Dave Casper, Joe DeLamielleure, Bob Griese, Jack Ham, Franco Harris, Mike Haynes, Jack Lambert, Jim Langer, Art Shell, Lynn Swann and Gene Upshaw. The National Conference team, no slouch in its own right, had eight players who went on to enshrinement in CantonDan Dierdorf, Ken Houston, Tom Mack, Walter Payton, Roger Wehrli, Randy White, Ron Yary and Jack Youngblood.

The AFC, hoping to avenge its conference’s defeat a week earlier in
Super Bowl XII, controlled the tempo for the majority of the first half. Baltimore Colts kicker Toni Linhart opened the scoring for the AFC with a 21-yard field goal to cap an 11-play, 75-yard drive led by Griese, the Dolphins’ quarterback. Ham, a linebacker for the Pittsburgh Steelers, ended the NFC’s best first-half chance for a touchdown early in the second quarter, intercepting a pass by Rams’ quarterback Pat Haden at the AFC’s 3-yard line.

Oakland Raiders southpaw signal-caller Ken Stabler relieved Griese and promptly led the AFC on a 14-play, 97-yard scoring drive. Stabler relied on tight end Dave Casper, running back Mark van Eeghen and wideout Cliff Branch to march nearly the full length of the field. Stabler ultimately found Branch on a 9-yard touchdown strike, and the extra point made the score 10-0.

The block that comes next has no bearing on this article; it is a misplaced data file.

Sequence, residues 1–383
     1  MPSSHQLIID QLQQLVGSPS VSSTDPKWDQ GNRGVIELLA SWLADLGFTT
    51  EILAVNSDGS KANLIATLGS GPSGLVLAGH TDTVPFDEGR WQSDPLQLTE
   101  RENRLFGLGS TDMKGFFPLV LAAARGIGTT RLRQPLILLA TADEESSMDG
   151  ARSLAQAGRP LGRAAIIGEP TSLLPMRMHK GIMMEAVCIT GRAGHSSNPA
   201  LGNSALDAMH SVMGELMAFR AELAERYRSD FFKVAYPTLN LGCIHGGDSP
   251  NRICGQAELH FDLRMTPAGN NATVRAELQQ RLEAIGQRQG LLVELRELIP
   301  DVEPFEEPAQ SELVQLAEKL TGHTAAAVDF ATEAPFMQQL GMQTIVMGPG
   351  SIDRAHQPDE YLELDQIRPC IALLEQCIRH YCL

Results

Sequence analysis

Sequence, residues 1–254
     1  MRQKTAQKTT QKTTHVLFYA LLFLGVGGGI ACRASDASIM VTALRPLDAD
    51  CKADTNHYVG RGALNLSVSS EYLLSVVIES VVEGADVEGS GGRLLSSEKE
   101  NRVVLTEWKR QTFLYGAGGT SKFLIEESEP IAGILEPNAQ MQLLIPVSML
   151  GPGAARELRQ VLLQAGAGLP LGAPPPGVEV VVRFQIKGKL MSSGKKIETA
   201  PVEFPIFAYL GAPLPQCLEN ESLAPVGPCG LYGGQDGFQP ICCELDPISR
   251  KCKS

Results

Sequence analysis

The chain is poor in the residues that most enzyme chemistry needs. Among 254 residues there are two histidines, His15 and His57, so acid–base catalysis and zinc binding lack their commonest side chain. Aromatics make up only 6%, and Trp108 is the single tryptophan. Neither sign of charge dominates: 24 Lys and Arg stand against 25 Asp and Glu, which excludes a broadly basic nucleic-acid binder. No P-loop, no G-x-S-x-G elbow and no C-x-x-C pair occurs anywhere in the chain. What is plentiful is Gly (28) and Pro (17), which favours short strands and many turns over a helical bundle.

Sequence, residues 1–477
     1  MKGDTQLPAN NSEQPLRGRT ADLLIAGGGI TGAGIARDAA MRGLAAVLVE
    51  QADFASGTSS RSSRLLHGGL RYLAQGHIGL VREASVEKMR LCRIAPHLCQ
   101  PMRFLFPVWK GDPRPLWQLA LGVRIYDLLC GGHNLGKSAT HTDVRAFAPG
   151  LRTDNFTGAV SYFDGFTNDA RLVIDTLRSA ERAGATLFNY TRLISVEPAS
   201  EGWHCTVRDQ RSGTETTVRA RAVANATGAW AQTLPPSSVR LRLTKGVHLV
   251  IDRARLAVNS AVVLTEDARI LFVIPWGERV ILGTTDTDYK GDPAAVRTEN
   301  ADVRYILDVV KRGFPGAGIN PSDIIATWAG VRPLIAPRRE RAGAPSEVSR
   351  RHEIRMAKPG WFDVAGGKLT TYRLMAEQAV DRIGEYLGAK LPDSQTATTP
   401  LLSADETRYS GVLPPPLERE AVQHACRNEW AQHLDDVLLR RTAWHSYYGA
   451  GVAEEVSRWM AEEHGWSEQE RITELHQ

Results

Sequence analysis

Linhart capped the AFC’s scoring with a 38-yard field goal with just 3 seconds left before halftime, giving his team a 13-0 advantage.

Then Haden atoned for his second-quarter interception on the NFC’s first drive of the new half. Haden passed for 28 yards and went 4-for-4 on a 46-yard drive that culminated in a scoring pass to Terry Metcalf of the
St. Louis Cardinals on third and goal from the 4-yard line. The touchdown and extra point trimmed the AFC lead to 13-7. But Cardinals quarterback Jim Hart and Bears running back Payton ended up being the biggest keys to the NFC’s comeback.

Hart, who replaced injured Dallas Cowboys quarterback
Roger Staubach on the NFC roster, hoped to make up for his five-interception performance in the 1977 Pro Bowl, a 24-14 loss for the NFC. Payton, the reigning Pro Football Writer’s Association Player of the Year, simply did what he did best. Like so many times on the Tampa Stadium turf during his career, Payton put